Which primer color for Sherwood Green lacquer?

Discussion in 'Finely Finished' started by NateD81, Jan 31, 2020.

  1. NateD81

    NateD81 Tele-Meister

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    As the title implies, I’m trying to determine whether it matters what color the primer is for shooting Sherwood Green onto? White? Gray? I’m looking for a darker Sherwood Green, if that makes any difference. Thank you!
     
  2. RodeoTex

    RodeoTex Poster Extraordinaire

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    I too doubt that it would make much difference on a color so dark as that, but it never hurts to go white anyway.
     
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  3. Fretting out

    Fretting out Friend of Leo's

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    If you’re going for vintage accuracy a lot of vintage metallics I’ve seen look like they were sprayed right on top of a clear sealed body
    But I’d say white would probably be correct also a lot of the pastels were shot over white
     
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  4. eallen

    eallen Tele-Afflicted Silver Supporter

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    Most metallics are shot on white in my experience.

    Eric
     
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  5. Chunkocaster

    Chunkocaster Poster Extraordinaire

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    I think I remember seeing white listed as the preferred base.
    Grey would get you a darker finish but probably wouldn't look so hot if there was any wear through in years to come.
     
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  6. 61fury

    61fury Friend of Leo's

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    I say grey, chips and dings in white with white primer will stand out. I say this because my first refin in an LPB like color used white BINS primer, it's very alarming when revealed. I'm doing a dark, serious blue for my next one and I will use a grey primer.
     
    Last edited: Feb 1, 2020
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  7. EsquireOK

    EsquireOK Friend of Leo's

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    Theoretically, primer color should not matter, but white was the traditional choice under opaque Fender finishes. Fender is known to have skimped on colored lacquer thickness to save money, so primer color did actually have an affect (primarily on non metallics, though). But ideally, in order to get the originally intended automotive tone from the color, your color coats should completely mask the primer, no matter what color it is.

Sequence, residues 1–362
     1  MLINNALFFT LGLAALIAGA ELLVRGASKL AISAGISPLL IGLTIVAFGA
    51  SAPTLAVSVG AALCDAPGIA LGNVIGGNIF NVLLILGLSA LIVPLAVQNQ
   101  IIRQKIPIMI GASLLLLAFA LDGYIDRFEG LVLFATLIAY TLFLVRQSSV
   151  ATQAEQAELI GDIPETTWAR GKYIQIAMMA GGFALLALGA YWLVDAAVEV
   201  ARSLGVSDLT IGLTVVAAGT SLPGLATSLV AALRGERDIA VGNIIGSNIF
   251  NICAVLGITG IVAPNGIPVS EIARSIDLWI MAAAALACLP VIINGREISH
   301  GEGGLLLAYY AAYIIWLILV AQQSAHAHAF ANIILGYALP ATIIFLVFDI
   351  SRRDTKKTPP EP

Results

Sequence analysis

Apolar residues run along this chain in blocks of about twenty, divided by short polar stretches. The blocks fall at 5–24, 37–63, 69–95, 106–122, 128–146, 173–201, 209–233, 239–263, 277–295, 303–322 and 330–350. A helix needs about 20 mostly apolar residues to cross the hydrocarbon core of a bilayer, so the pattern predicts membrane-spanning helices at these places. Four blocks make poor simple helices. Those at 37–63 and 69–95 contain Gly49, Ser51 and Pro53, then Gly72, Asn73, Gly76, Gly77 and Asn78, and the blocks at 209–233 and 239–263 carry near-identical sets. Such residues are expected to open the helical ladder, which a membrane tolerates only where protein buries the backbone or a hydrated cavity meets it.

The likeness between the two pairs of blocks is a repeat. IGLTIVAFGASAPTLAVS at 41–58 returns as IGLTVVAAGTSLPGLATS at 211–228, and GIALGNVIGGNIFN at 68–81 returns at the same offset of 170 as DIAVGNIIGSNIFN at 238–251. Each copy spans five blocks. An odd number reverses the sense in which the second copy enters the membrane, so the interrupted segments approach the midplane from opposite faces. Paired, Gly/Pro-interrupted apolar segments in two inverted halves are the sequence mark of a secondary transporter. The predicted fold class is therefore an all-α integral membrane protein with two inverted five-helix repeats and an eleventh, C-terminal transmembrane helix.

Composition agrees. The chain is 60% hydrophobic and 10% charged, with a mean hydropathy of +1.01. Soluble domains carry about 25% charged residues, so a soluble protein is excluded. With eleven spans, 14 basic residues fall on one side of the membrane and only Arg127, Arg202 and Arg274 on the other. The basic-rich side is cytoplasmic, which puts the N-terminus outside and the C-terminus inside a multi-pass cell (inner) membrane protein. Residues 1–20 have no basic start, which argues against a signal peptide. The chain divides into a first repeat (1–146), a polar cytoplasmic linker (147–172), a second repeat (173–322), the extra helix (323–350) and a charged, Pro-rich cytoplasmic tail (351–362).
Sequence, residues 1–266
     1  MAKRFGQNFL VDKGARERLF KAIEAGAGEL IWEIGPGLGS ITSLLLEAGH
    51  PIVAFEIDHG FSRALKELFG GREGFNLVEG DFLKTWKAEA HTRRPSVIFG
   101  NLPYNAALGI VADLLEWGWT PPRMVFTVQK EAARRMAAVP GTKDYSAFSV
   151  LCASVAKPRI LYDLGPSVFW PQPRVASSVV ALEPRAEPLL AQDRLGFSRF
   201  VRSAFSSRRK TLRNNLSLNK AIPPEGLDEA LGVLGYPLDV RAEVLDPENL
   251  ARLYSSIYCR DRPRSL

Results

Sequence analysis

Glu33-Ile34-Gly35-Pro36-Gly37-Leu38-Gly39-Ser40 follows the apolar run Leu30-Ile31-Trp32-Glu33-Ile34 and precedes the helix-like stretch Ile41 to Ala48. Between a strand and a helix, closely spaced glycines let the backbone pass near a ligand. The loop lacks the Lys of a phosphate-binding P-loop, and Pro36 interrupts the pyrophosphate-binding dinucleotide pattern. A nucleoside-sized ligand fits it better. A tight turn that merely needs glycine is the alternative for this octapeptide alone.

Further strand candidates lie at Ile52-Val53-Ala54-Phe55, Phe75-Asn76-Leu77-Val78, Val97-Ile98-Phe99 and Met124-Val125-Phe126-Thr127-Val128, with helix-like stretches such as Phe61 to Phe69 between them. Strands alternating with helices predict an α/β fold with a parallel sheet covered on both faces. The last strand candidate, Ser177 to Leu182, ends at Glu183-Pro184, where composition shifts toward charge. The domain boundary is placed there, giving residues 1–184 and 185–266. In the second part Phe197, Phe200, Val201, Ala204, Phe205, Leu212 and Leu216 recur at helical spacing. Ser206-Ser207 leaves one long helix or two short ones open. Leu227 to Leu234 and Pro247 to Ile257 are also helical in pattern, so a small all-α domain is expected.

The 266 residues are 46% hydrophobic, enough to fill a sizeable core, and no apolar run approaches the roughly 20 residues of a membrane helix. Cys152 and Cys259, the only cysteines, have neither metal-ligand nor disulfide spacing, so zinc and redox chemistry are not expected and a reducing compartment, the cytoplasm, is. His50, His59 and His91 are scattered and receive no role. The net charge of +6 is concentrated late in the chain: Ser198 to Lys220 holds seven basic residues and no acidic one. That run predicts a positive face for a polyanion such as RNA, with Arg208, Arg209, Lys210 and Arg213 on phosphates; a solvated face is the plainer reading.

Gibson, OTOH, sprayed their finishes nice-n-thick back then. They didn’t skimp like Fender did. I’ve seen old Gibson finishes from the ‘60s that are almost a 16th of an inch thick – visible on the chips. You’d almost never see that on a lacquer finished Fender.
     
    Last edited: Jan 31, 2020
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  8. Freeman Keller

    Freeman Keller Friend of Leo's

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    I believe I have already given you the information from Dan Erlewine's book about traditional metallic lacquers, specifically that they are available from Crescent Bronze Powder Company. I would contact them when you buy the bronzing powder.

    Dan does not give the recipe for Sherwood Green (he does tell you to use Crescent #5 green) but he does describe shooting a metallic blue as well as basic gold (like a goldtop). After the pore fill (optional) and sanding sealer he says that one or two coats of white lacquer give a nice base but is optional too. I would follow the directions of Crescent or who ever makes your lacquer.
     
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  9. NateD81

    NateD81 Tele-Meister

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    Yes you did - this is my first time so I’m just easing myself into the process and am going to purchase the Duplicolor Paint Shop Emerald Green. It’s not exactly Sherwood Green, but seems relatively close the the multiple variations of legitimate Sherwood Green I’ve seen out there.

    To be totally honest I’m not super interested in trying to make a totally accurate representation, really, I just want to make a nice looking and very playable JM. I’m not entirely sure I will be successful but am looking forward to trying. Hopefully this is the beginning of many more builds to come.

    And lastly, this is also a project I’m going to do with my dad, who is not a musician, but is a 75 year old machinest / jack of all trades and maybe be one of the last times we have to do something like together. He’ll probably do the heavy lifting when we spray the guitar because he’s got tons of experience in that department where I’m pretty new to that world. Hopefully I’ll pick up a trick or two. Plus I can use his nice paint sprayer hah!
     
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  10. NateD81

    NateD81 Tele-Meister

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    do you (or anyone else) know if I should use the vinyl primer I’ve seen on places? I’m not sure what the difference is.